Posts Tagged ‘distal radius fracture’:


Radial Fracture Caused by a Fall!

Distal Radius Fracture

Radial Fracture and a Fall

A radial fracture occurs in the largest bone of the forearm, the radius. People who slip or fall may suffer a radial fracture. Many older people who have brittle bones will get a radius fracture from a small fall. Sports players often get a distal radius fracture when a ball hits their wrist or they fall hard on their wrist. A person that falls and breaks their elbow also has a radial fracture.

Who is most likely to have a radial fracture?

  • People who have brittle bones are more susceptible to a radius fracture. A small fall will often break their wrist.
  • This is because the bone density diminishes over time in people who have osteoporosis.
  • Healthy people will have broken wrists from trauma and other serious incidents. They are vehicle accidents, bike accidents, motorcycle accidents and other trauma.

What are the signs of a radial fracture?

  • When someone has a radius fracture, they will feel pain instantly.
  • The swelling and bruising in the wrist area will also obvious.
  • Many times the wrist will lie at a deformed position.
  • Doctors take x-rays of the wrist to determine the amount of damage done to the bone.
  • Many times, the break is close to the end of the radial end.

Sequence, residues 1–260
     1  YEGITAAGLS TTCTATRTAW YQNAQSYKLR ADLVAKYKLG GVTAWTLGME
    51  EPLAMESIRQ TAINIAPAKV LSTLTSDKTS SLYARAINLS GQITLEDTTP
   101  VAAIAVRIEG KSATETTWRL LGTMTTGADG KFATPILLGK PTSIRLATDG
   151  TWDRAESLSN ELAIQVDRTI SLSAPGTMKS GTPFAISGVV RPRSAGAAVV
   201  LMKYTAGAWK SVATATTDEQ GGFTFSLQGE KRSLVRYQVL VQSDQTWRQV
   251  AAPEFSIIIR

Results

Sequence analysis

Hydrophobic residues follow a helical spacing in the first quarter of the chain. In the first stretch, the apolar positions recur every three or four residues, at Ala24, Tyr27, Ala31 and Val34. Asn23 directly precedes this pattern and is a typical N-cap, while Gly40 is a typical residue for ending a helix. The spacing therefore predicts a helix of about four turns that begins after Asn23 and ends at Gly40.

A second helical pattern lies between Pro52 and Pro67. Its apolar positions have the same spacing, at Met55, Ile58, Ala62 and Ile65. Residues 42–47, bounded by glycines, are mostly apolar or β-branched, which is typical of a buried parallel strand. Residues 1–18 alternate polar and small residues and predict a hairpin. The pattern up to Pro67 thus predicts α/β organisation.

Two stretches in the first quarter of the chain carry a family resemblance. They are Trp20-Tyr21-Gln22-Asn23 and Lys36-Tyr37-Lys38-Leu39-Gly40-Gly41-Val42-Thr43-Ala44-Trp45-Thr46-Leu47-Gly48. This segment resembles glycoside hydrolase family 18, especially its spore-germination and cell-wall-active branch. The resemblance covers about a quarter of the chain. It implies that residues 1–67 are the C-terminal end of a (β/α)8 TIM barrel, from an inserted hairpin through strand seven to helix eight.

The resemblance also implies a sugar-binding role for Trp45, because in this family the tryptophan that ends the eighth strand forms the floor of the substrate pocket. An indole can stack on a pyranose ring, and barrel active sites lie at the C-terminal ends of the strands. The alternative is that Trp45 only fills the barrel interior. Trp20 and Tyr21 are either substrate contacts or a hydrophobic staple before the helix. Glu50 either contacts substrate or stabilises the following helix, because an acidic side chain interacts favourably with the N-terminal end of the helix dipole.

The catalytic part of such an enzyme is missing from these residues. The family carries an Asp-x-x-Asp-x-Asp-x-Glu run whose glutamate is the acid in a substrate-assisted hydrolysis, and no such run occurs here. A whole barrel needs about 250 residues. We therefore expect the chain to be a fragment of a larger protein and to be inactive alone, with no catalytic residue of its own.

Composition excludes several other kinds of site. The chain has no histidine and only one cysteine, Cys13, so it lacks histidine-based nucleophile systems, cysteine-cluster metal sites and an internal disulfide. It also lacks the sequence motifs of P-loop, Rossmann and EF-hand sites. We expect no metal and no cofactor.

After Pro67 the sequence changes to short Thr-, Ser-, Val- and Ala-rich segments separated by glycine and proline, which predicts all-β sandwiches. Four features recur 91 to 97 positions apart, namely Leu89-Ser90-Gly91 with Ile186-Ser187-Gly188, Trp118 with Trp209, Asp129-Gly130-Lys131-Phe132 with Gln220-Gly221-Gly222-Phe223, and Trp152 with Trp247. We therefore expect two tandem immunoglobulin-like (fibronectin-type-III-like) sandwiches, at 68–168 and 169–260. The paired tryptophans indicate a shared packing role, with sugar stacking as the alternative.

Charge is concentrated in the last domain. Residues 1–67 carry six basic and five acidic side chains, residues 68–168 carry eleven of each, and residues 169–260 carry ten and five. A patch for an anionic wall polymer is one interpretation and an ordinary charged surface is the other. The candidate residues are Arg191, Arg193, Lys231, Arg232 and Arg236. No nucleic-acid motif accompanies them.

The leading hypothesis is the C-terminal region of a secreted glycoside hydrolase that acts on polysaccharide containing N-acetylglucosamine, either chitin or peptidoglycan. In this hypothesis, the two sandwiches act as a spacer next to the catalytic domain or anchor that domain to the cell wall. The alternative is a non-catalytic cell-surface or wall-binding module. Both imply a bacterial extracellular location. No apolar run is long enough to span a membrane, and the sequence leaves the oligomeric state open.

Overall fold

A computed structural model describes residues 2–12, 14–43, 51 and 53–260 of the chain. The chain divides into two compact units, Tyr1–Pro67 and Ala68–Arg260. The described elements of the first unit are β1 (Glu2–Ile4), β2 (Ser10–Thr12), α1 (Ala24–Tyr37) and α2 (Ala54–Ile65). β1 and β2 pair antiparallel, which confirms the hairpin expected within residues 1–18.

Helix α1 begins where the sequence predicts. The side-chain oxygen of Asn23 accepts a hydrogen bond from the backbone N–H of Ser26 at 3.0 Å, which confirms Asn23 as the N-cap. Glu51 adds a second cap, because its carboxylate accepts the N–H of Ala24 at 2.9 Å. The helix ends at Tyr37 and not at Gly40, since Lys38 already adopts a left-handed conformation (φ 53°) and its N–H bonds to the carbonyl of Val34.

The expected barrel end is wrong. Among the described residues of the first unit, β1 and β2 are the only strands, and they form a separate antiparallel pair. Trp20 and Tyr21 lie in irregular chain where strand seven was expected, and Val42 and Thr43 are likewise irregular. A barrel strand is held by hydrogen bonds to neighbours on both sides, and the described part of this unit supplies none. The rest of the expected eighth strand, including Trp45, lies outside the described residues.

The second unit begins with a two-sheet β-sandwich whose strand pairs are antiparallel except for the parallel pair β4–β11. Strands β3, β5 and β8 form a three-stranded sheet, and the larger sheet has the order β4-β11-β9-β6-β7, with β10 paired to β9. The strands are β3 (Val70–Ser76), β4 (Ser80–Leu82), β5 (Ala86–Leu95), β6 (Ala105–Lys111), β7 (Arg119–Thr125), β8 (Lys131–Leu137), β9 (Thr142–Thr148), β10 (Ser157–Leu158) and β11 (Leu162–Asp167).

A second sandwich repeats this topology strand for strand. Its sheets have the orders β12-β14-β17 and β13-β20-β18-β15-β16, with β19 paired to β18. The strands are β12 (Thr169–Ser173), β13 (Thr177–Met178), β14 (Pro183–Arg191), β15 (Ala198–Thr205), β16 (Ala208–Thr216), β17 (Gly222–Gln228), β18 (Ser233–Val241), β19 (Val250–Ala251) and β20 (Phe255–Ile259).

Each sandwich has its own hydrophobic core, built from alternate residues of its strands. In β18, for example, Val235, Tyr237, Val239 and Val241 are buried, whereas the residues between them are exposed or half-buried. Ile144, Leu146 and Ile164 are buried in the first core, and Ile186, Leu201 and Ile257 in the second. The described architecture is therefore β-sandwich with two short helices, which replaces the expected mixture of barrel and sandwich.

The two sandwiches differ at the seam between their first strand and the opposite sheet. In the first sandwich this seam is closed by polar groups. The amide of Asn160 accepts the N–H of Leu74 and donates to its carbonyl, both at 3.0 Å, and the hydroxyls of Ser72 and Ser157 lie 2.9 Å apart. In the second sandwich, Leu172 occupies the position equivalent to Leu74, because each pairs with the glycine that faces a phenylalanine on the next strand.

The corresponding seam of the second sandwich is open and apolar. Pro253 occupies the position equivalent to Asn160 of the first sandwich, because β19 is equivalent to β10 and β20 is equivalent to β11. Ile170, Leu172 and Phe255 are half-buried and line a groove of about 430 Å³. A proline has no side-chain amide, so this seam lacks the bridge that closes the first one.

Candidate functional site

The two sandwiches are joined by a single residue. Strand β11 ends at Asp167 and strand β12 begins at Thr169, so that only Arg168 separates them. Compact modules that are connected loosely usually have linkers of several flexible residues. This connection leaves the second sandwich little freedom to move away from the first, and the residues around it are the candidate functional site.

• There are several types of fractures that can happen.

What is the treatment for a radial fracture?

  • People who have a radius fracture that is not deformed, they can use ice packs to reduce the swelling and pain before seeing a doctor.
  • They also can apply a splint to their wrist before they travel in a car to their doctor.
  • When the fracture is very painful, doctors recommend that people go to the hospital’s emergency department.
  • Patients who have a fracture to their wrists will receive a splint or cast after the bone is set back in place. Casts are removed every two weeks to monitor the reduction in swelling. Orthopedic doctors often take x-rays of the wrist to determine how long the cast needs to stay on. Casts are normally off after six weeks.
  • People will often be given a painkiller prescription to aid in pain relief.

Can a radial fracture be prevented?

  • Everyone can prevent a radius fracture.
  • When people ride a bike or motorcycle, they can wear a wrist guard.
  • Also, a diet rich in vitamins and nutrients will help keep bones healthy and strong.
  • Calcium supplements are available or you can drink the recommended amount of milk daily.

A radial fracture can happen to anyone. Fortunately, prevention and treatment methods are available to all.

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Radial Fracture and Football – 3 Keys to Tackle Relief!

Radial Fracture

Radial fractures, or wrist fractures, are highly common. This is particularly true among adults. Those who play contact sports are also very likely to have this kind of break. Football, perhaps the most physical sport, is a high-risk activity for wrist fractures. More than other sports, players hurl themselves at each other. They fall in heaps on top of one another. They continually put their wrists at risk.

Key #1 – Understanding How It Happens!

  • A distal radius fracture is on the inside bone of the forearm.
  • Normally, it is snapped. This can happen when a person stretches their hand out to catch themselves in a fall.
  • It is not difficult to suffer a radial fracture. Something as simple as tripping over your toddler’s toy truck could do it.